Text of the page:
Prague, Aug 10 (CTK) – The Czech Republic should consider resumption of the compulsory military service if Donald Trump became U.S. president and struck deal with Russian leader Vladimir Putin, Pavel Novacek writes in daily Lidove noviny (LN) on Wednesday.
Novacek reacts to a commentary carried by LN on August 1, in which Jan Machacek wrote that Trump is a man who overtly challenges the United States’ military commitments in the world.
If a catastrophic scenario materialised, Trump would strike a deal with Russia and “sell” the Baltics and all new NATO member countries, including the Czech Republic, to it, Novacek writes, citing Machacek.
Novacek writes that this is a most improbable event, but if it happened, it would have an utterly fundamental influence on the future of Europe and mainly on further developments in East and Central Europe.
Trump is completely right in demanding NATO allies to immediately start fulfilling their promise to raise armament spending to 2 percent of GDP, Novacek writes.
He writes that the Czechs just as the Slovaks earmark 1.1 percent of GDP for defence. The Hungarians are below 1 percent, while the Poles send 2 percent of GDP to the NATO budget.
Compared with Central Europe, the United States earmarks 4.5 percent of GDP for defence and the Russians 3.5 percent, Novacek writes.
He writes that the military service in former Czechoslovakia under the previous regime was awful because it was considered utterly unnecessary and a loss of time, accompanied by bullying, which could be averted in the current conditions.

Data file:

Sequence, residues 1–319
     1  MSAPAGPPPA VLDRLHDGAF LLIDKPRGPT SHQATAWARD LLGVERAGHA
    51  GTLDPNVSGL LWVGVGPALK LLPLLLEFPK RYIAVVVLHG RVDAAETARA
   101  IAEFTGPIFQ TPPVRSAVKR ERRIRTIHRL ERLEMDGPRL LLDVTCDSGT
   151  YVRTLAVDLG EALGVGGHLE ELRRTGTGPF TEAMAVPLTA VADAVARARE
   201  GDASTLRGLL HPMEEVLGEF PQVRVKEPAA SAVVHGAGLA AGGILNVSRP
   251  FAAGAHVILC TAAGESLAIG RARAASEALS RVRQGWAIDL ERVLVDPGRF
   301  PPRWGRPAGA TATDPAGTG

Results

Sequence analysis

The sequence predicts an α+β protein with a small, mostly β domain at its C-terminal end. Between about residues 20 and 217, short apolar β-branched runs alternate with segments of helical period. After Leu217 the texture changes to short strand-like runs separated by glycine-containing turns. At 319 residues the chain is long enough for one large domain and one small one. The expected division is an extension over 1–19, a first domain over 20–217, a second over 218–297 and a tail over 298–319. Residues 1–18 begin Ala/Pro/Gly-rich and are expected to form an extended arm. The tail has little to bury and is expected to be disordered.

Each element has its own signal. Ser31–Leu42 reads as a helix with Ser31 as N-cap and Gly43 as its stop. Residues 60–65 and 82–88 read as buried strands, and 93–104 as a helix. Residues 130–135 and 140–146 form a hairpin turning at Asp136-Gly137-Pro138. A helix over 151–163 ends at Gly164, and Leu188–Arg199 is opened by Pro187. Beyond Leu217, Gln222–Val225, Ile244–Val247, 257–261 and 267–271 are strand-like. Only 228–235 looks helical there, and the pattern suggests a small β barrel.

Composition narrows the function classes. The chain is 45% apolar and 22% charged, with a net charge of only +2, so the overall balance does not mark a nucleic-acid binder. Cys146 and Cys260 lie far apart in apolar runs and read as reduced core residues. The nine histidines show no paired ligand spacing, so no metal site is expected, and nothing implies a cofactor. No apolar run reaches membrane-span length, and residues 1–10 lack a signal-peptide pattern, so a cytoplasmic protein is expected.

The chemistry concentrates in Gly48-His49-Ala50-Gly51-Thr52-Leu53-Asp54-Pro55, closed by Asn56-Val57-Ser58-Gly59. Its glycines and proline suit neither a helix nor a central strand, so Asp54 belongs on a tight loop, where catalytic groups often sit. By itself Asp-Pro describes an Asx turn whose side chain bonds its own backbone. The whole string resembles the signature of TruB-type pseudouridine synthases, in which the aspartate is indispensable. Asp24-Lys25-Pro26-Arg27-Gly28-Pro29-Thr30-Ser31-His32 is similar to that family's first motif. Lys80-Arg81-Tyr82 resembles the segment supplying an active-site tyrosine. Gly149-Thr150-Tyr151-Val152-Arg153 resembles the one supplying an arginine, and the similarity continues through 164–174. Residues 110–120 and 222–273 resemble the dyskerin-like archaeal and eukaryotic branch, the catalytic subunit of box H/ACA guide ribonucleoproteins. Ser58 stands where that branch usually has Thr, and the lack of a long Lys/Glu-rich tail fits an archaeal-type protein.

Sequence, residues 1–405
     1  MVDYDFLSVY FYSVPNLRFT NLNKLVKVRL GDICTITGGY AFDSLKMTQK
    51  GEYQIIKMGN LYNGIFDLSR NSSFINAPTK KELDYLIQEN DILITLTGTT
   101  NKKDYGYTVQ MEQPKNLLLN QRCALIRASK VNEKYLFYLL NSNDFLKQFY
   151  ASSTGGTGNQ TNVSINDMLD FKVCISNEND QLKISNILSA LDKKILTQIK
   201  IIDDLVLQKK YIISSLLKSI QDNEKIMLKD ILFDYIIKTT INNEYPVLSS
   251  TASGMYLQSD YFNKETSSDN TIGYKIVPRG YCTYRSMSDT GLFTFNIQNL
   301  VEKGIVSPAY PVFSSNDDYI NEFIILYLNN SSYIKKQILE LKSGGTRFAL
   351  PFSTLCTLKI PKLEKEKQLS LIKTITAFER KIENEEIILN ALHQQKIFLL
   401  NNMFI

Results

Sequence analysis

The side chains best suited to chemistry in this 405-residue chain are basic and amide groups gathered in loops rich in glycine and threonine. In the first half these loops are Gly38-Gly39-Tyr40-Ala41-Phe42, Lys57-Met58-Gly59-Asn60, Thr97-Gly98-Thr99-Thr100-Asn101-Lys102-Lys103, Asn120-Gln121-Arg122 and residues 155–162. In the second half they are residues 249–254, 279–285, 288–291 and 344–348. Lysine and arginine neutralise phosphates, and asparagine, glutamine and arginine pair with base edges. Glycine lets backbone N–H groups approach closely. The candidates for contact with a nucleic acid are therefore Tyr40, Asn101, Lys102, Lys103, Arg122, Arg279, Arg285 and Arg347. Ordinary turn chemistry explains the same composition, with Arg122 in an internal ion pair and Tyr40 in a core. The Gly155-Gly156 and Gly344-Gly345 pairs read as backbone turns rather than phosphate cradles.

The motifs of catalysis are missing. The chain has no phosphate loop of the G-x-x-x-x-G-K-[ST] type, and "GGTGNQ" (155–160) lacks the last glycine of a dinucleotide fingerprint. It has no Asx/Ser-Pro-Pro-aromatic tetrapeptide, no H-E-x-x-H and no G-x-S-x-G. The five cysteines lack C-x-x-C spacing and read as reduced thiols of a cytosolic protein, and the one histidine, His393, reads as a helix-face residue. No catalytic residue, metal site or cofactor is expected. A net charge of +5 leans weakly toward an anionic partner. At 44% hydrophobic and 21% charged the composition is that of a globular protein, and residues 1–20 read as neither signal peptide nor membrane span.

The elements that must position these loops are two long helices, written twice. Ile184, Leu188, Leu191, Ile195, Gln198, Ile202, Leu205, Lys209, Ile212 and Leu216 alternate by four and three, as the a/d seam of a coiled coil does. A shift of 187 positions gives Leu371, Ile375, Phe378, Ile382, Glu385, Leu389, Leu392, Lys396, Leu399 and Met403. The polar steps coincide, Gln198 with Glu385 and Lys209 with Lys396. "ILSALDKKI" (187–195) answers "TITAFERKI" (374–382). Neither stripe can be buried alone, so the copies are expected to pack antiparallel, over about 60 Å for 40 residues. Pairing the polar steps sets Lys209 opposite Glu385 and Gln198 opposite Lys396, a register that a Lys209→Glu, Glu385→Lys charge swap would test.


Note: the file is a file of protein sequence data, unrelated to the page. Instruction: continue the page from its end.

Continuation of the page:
The military service could only last nine or six months, not two years like in the past, while the professionals would continue to operate the state-of-the-art equipment, Novacek writes.
He writes that the purpose of the military service would be to learn and train fundamental skills and habits in case of a threat to the country.
Also, this would be one of a few opportunities to teach young men, and possibly also women, to be physically active, Novacek writes.
Those who are opposed to handling weapons for religious or other reasons, could do an alternative service, which was applied after the fall of the previous regime in the 1990s until the military went fully professional, Novacek writes.
He writes that new forces may be also needed inside the country to protect citizens against possible terrorist threats like in Germany and France.
The military service would also allow people to acquire a firearm licence, which does not mean that they all should buy it, but it is in the interest of the state that the licences be issued to well trained applicants and that the acquiring of arms by illegal means be restricted as much as possible, Novacek writes.
Fortunately, it is no longer true that a soldier is a “numbskull” as was said in the past. Soldiers are people who sacrifice their lives in extreme cases, and this deserves respect. But a couple of thousands of professionals will not manage the possible tasks, Novacek writes.
The Polish neighbours give 2 percent of GDP to defence as one a few NATO member countries, by which they send out quite a clear signal that they will be defending their own freedom, Novacek writes.
What signal will the Czechs send to their NATO allies and possible enemies in case Trump and Putin strike a “deal”, Novacek asks.